Tubulin polymerisation measurement – made easy!
Recently, I issued a post about a method which allows measuring microtuble binding capabilities of proteins of interest. Today, I invite you to look at methods for measuring the dynamic polymerisation of tubulin to microtubules and to detect the impact of compounds or other variables in your experiments on this process.
Tubulin represents one of the major cytoskeleton structures. It plays an important role in cell structure, intracellular transport, and mitosis. In eukaryotic cells, tubulin polymerizes to form structures called microtubules (MTs) (Fig. 1). When tubulin polymerizes it initially forms proto-filaments, MTs consist of 13 protofilaments and are 25nm in diameter, each um of MT length is composed of 1650 heterodimers. Microtubules are highly ordered fibers that have an intrinsic polarity, shown schematically in Figure 2. Tubulin can polymerize from both ends in vitro, however, the rate of polymerization is not equal. It has therefore become the convention to call the rapidly polymerizing end the plus-end of a microtubule and the slowly polymerizing end the minus-end. In vivo, the plus end of a microtubule is distal to the microtubule organizing center.
Different formats of tubulin polymerisation assays
Cytoskeleton Inc. has developed and commercialized a set of tubulin polymerisation assays which are adapted to different experimental set ups and questions. If you’re interested in measuring tubulin polymerisation and/or the effects of specific compounds on tubulin polymerisation, you’ll surely find the assay best suited to your model.
Absorbance and fluorescence formats
There are two types of tubulin polymerization assay, these are the absorbance and fluorescence formats.
The optical density based tubulin polymerization assay (027BK004P) is highly referenced in scientific literature. This assay is based on an adaptation of the original method of Shelanski et al. and Lee et al. (1, 2), which demonstrated that light is scattered by microtubules to an extent that is proportional to the concentration of microtubule polymer. The resulting polymerization curve is representative of the three phases of microtubule polymerization, namely nucleation, growth and steady state equilibrium (Fig 3). While the tubulin polymerisation kit 027BK004P contains tubulin with a purity of 97%, tubulin polymerisation kit 027BK006P – an optical density based assay as well – contains highly purified tubulin with a purity of >99%. This assay is a good secondary screen for determining IC50s.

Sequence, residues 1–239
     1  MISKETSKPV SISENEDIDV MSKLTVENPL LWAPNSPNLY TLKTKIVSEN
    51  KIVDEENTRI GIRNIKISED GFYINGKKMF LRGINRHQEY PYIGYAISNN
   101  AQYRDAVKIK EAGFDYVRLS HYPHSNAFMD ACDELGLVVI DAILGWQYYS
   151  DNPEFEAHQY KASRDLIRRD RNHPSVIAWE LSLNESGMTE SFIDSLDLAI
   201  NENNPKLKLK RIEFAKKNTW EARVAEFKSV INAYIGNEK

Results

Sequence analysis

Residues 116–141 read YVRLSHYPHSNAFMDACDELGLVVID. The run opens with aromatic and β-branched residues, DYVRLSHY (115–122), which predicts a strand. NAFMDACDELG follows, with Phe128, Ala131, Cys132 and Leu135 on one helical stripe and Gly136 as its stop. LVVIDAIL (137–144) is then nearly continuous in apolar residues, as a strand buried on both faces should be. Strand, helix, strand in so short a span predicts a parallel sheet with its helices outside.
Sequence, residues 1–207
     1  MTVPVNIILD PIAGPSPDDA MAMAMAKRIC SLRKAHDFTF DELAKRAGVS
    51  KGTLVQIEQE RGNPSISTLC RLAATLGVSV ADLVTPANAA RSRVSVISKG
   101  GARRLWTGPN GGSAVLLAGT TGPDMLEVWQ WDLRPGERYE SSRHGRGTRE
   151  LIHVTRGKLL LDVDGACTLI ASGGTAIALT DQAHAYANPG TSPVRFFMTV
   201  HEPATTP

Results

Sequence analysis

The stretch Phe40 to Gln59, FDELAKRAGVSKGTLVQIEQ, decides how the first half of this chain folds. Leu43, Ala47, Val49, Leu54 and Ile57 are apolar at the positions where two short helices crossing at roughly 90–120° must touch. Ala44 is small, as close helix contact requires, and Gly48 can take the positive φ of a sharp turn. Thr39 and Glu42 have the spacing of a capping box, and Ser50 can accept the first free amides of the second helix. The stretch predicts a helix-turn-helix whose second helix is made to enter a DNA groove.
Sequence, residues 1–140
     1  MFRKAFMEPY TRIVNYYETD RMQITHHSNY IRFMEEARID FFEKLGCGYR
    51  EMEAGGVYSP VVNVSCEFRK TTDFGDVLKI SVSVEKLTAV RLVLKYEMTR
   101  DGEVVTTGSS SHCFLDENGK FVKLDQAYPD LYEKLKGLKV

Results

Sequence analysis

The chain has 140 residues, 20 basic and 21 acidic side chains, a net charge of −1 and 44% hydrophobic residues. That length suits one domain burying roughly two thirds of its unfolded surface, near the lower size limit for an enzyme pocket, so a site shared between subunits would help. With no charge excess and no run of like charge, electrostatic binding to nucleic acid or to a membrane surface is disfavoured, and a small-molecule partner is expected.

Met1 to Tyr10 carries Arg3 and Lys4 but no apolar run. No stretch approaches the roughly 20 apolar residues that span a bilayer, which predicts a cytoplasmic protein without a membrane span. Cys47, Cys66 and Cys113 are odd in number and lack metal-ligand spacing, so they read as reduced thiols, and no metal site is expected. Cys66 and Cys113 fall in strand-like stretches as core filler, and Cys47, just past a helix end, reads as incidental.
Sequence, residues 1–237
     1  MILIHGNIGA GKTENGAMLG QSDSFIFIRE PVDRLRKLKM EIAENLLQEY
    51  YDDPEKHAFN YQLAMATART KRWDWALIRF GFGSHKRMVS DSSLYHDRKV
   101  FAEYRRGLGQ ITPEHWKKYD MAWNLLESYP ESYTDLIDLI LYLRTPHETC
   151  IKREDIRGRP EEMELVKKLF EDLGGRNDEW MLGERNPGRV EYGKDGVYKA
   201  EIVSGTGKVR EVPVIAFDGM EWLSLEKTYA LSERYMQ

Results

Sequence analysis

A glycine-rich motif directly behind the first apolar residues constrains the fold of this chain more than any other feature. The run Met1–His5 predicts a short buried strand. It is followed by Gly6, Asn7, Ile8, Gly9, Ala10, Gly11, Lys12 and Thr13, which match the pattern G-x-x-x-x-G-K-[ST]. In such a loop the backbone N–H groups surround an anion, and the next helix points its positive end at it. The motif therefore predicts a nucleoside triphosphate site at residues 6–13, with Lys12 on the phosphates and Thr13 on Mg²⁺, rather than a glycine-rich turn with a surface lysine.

In most cases, the fluorescence format is recommended because the assay is highly sensitive and economical. The fluorescence tubulin polymerization assay (027BK011P) is an economical one-step procedure for determining the effects of drugs or proteins on tubulin polymerization. It’s an adaptation of an assay originally described by Bonne, D. et al. (3). Polymerization is followed by fluorescence enhancement due to the incorporation of a fluorescent reporter into microtubules as polymerization occurs. The standard assay uses neuronal tubulin (027T240) which generates a polymerization curve representing the three phases of microtubule formation, namely nucleation (Phase I in Figure 4), growth (Phase II in Figure 4) and steady state equilibrium (Phase III in Figure 4).
Measuring tubulin polymerisation with other types of tubulin
For more selective anti-cancer drug development, a very exciting secondary screen can be achieved using Cancer Cell Line Tubulin. Currently, HeLa and MCF-7 cell line tubulins can be used in the fluorescence polymerization assay (027H001 and 027H005, respectively). It has been shown that anti-cancer drugs have different affinities for these tubulins compared to porcine brain (neuronal) tubulin. This indicates that a drug development program aimed at increasing the affinity for cancer cell line tubulin over neuronal tubulin may lead to greater targeting efficiency toward cancer cells.
Cytoskeleton Inc. (available in Europe through tebu-bio), also offers other tubulins, such as fungal tubulins, plant tubulins, or bacterial tubulin analogs which can also be used in tubulin polymerisation assays.
Interested in our tubulin polymerisation kits? Contact me through the form below.
Thank you to our friends at Cytoskeleton Inc. who provided the material used for this post.
- Shelanski, M. L., Gaskin, F. and Cantor, C. R. (1973). Microtubule assembly in the absence of added nucleotides. Proc. Natl. Acad. Sci. U.S.A. 70, 765-768.
- Lee, J. C. and Timasheff, S. N. (1977). In vitro reconstitution of calf brain microtubules: effects of solution variable. Biochemistry, 16, 1754-1762.
- Bonne, D., Heusele, C., Simon, C., and Pantaloni, D. (1985). 4’, 6-Diamidino-2-phenylindole, a fluorescent probe for tubulin and mictrotubules. J. Biol. Chem. 260, 2819-2825.